Let’s take those new year’s resolutions seriously

We’re almost a month into the new year and some of us have already lost sight of the lofty exercise and weight loss goals we set for ourselves on Jan.1.

We all start the year with good intentions — overflowing parking lots at most gyms during the first few weeks of January will attest to that — but as the weeks wear on, many of us fall off the proverbial wagon and end up straying from those resolutions.

Overall, most of us think we’re in pretty decent shape. The numbers say otherwise, though. According to the just released Canadian Health Measures Survey, only 15 per cent of Canadians meet the minimum recommended standard of exercise each week.

Instead of the suggested 150 minutes of weekly exercise (that’s about 20 minutes a day), we spend almost 70 per cent of our waking hours sitting still. And young people are even less active — only seven per cent of those aged five to 17 get the recommended daily 60 minutes of physical activity.

Lack of exercise, along with poor eating habits, are directly linked to obesity, which increases the risk of health problems such as diabetes, cardiovascular disease and many other serious conditions. According to the Ministry of Finance, Ontario is spending about 46 cents of every dollar on health care. Yes, we have an aging population that will contribute to an increase in that figure in coming years, but there’s no doubt that our lifestyle choices will also have an impact on that bottom line.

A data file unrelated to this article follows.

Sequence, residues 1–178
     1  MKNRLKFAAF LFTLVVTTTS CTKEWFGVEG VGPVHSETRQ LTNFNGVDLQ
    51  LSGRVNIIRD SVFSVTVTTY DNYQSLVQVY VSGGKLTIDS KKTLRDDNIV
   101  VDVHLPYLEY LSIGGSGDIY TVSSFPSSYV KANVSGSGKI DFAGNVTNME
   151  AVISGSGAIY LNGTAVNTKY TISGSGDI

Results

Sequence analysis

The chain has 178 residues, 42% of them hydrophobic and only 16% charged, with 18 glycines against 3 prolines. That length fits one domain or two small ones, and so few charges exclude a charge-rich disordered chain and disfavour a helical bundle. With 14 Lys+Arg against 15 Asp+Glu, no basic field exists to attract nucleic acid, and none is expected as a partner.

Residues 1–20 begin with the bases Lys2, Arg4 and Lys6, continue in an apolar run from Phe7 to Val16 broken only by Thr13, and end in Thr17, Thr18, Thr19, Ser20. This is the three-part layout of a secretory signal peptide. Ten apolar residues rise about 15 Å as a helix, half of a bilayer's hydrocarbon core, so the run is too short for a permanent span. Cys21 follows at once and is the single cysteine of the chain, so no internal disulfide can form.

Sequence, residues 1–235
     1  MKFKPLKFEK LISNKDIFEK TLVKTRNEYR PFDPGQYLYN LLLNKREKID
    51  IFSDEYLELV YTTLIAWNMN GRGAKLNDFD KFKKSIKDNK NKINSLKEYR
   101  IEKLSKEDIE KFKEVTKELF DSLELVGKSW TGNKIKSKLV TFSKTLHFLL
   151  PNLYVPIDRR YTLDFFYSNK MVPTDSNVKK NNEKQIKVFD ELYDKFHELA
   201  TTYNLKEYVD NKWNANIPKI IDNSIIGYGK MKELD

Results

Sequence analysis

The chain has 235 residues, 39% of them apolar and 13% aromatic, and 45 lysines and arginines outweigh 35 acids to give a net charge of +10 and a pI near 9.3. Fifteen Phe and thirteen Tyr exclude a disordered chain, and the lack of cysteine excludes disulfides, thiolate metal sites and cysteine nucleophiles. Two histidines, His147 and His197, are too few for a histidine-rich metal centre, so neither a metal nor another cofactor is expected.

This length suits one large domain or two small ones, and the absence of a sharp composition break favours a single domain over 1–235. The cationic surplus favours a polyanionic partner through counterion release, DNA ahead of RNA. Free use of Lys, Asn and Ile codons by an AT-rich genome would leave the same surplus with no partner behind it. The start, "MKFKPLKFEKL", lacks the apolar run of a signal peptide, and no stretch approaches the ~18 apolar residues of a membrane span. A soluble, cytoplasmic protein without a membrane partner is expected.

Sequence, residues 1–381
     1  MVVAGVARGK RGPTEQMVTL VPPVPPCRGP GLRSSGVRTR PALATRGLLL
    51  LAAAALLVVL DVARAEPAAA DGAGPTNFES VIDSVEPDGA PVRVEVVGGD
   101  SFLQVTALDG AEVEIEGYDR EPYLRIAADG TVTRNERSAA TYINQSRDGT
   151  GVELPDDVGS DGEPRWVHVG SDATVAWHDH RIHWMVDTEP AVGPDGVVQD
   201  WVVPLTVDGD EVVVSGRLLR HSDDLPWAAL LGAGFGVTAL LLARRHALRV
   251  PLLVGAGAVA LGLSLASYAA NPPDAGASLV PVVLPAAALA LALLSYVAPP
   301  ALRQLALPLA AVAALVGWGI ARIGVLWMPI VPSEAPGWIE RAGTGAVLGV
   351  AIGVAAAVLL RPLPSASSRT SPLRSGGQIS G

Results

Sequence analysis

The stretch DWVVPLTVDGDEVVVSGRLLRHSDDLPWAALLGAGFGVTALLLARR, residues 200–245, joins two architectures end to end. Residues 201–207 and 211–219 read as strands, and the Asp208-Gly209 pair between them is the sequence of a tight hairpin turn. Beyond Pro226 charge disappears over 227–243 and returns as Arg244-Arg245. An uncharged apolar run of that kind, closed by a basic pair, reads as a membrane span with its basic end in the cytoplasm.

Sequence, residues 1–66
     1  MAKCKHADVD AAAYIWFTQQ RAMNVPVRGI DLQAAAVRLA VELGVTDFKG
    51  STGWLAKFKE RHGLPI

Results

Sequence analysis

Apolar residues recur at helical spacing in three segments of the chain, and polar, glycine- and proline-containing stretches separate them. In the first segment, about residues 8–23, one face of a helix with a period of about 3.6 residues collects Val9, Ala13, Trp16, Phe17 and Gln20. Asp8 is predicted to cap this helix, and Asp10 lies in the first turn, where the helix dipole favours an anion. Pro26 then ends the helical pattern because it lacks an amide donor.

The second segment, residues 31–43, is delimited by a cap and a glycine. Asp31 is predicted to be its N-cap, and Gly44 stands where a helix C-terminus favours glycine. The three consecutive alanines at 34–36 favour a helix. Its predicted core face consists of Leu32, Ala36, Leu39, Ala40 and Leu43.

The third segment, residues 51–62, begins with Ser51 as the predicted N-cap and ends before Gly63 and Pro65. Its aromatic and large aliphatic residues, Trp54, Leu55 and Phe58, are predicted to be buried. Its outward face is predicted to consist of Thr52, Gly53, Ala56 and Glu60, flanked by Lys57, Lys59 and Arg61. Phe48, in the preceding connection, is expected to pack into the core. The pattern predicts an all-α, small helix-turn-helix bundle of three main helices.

So what’s the answer? The easy one is that everybody should just get serious about their health. Human nature being what it is, though, that’s not entirely realistic. Like most, I struggle with staying active and eating well – the temptations and excuses are pretty easy to come by and, I confess, pretty attractive, especially in these cold and grey winter months.

U.S. first lady Michelle Obama has made healthy eating and reducing child obesity a cornerstone of her agenda, working to both raise awareness and find solutions. Wal-Mart announced last week that it was strengthening its focus on healthy eating by making thousands of its store brand packaged food products lower in unhealthy salts, fats and sugars. There are others making similar pledges, but given Wal-Mart’s size and clout in the marketplace, their actions have the potential to drive broader change.

Wal-Mart has also committed to trying to make fruits and vegetables more affordable and claiming they’ll do that without lowering the prices they pay farmers. How true that statement is, and what impact this new policy will have on farmers, remains to be seen. It’s my hope Wal-Mart will also place value on supporting and sustaining Canadian farmers and not just on achieving the lowest price. In my mind, our ability to grow and sell food locally is an important piece of the bigger healthy eating puzzle.

Another shining star is the Northern Ontario school snack program, a great example of trying to change life-long behaviours. This marks the fifth year of a partnership between Ontario’s horticulture farmers, the provincial government and local health units to bring healthy fruit and vegetable snacks to school children in Northern Ontario.

Approximately 19,000 students receive two servings of fruits and vegetables a week for the 19-week duration of the program with the goal of teaching kids an appreciation for produce and helping them learn how to make life-long healthy eating choices.

It would be great if this program was expanded across the province. All kids in Ontario could benefit from some early education and experience in healthy eating. It took us several generations to get to our current sedentary lifestyles and not-so-wonderful eating habits, and it won’t be easy to reverse those trends. But we owe it to ourselves and our future generations to try – and maybe one day we’ll get better at sticking to those new year’s resolutions.

This editorial was first printed in the Guelph Mercury on January 27, 2011.

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